Texas Expunction & Non-Disclosure Attorney
Petitions/Orders for Non-Disclosure and Expunctions
Having an arrest or indictment on your criminal record can be disastrous to your personal and professional life. Did you know that after you have accepted deferred adjudication probations for your misdemeanor and/or felony arrest and have completed the probation in agreement with a dismissal, this offense still remains on your record for life? Did you know that even though your case got dismissed, it still shows up as a dismissal (with the charge) for the rest of your life? This is one the biggest generally accepted misconceptions regarding a dismissal.
Your arrest, court and probation terms remain on your record, and are available to the public unless you are granted a petition for non-disclosure by the courts or an expunction. These measures will have your offense legally removed from your record by the courts. You may be entitled to have your Texas criminal record cleaned if you meet certain qualifications.
What is a Petition/Order for Non-Disclosure and Expunction?
In plain English, an order for non-disclosure is removing harmful information from the public eye. An expunction is erasing the information as if the incident never happened.
An order for non-disclosure is an order that prevents law enforcement agencies from making your records available to the public. It also allows you to legally deny the occurrence of the arrest and prosecution. Your present and future employers, lenders, educational institutions, leasing agents, landlords, adoption agencies, neighbors and everyone else may have access and view your record, potentially to negative consequences. The intent behind the order for non-disclosure is to protect you from criminal background check prejudice.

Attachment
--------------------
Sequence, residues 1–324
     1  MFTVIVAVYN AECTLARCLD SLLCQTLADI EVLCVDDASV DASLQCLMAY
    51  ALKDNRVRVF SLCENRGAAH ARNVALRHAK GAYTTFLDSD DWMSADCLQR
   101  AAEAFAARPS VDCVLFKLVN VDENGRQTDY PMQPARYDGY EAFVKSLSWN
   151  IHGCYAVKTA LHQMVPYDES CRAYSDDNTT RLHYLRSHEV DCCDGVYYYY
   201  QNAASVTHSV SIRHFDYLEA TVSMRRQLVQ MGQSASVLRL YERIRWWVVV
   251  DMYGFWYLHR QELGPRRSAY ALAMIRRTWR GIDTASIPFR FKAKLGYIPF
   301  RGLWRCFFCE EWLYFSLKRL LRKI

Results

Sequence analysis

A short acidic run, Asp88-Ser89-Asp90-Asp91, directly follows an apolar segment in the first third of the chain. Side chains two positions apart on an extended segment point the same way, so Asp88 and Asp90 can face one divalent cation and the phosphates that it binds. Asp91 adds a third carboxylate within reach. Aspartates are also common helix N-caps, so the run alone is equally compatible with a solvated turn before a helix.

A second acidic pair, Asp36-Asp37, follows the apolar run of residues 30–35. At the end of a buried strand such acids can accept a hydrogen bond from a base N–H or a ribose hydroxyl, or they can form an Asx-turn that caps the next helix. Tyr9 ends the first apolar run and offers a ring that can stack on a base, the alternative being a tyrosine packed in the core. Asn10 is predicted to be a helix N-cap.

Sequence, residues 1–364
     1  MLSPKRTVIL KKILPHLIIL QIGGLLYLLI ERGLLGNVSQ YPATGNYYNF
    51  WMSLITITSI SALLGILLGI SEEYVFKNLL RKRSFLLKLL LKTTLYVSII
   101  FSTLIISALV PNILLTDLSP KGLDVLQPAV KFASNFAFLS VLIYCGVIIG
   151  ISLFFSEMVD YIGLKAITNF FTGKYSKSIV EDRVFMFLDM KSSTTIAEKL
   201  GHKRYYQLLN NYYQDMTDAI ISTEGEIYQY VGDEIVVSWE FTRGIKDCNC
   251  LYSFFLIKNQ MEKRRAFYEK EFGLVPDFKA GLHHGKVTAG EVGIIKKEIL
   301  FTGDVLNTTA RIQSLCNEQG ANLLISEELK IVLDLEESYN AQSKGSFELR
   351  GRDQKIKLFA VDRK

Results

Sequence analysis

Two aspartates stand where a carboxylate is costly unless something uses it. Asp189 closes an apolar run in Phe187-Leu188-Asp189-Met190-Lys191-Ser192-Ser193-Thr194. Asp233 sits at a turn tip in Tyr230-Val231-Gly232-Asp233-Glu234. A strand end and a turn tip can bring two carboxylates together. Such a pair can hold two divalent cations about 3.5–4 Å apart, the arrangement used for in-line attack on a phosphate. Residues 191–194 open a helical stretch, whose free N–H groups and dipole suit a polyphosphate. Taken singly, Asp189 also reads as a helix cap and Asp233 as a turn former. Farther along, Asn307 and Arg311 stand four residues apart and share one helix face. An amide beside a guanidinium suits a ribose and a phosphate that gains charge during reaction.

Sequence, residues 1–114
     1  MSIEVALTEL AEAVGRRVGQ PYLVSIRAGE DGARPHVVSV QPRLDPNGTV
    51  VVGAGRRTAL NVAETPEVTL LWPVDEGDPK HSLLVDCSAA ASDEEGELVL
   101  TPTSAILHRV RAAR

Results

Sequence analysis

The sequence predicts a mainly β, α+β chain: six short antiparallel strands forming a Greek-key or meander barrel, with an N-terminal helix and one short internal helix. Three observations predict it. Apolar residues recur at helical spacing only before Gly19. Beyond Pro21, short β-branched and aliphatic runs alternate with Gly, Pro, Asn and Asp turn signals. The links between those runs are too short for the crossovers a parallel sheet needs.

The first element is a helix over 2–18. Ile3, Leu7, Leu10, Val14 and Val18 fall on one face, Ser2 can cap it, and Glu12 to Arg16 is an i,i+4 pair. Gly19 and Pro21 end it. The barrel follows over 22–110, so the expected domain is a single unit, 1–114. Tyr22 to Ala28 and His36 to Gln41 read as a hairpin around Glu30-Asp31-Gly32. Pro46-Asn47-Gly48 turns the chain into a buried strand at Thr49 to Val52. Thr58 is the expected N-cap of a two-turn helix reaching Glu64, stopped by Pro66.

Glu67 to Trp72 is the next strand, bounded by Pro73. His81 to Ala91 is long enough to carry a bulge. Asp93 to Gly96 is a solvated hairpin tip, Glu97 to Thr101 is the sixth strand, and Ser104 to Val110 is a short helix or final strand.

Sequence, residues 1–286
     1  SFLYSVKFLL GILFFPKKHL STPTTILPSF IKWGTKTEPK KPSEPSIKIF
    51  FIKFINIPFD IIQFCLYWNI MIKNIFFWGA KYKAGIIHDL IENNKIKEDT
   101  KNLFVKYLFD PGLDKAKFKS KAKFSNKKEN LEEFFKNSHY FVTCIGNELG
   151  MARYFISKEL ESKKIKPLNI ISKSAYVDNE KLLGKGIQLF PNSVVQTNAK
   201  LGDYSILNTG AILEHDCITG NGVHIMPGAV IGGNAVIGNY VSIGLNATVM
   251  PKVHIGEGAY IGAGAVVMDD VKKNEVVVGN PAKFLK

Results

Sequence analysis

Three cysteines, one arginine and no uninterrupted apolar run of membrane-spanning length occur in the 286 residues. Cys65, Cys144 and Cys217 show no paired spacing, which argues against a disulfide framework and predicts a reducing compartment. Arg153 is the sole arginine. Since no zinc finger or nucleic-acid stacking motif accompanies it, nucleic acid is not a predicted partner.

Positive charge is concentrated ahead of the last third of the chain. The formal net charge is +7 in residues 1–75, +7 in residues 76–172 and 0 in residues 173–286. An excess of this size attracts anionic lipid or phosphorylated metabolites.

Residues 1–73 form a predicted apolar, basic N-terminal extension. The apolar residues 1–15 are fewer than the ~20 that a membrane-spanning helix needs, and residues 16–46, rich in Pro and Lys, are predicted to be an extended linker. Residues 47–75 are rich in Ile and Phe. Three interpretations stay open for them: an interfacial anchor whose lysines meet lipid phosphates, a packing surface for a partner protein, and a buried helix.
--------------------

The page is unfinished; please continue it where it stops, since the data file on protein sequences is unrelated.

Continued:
However, sealing the record from the public is not the same as expunging a record. Sealing only prevents release to the public, which means that this information will still be available to law enforcement and other state agencies, and may still be used against you should there be any subsequent criminal proceedings. In order to have your record cleared completely, you must qualify for an expunction. In Texas, an expunction is the complete deletion of an entire criminal file. This is to help you if you have been wrongfully arrested and/or if you have been acquitted/found not guilty of your offense. Once expunged, you can legally deny ever being arrested for that incident.
Am I eligible to seal my record through a petition for non-disclosure?
An order of non-disclosure is available if you have received deferred adjudication probation and successfully completed the probation. This is only for defendants that have successfully completed the deferred adjudication probation agreement. You must not have been convicted or placed on deferred for any other offense; final convictions are not eligible. The only convictions eligible for expunction are certain offenses pertaining to alcohol. Other actions that will prohibit you from becoming eligible are: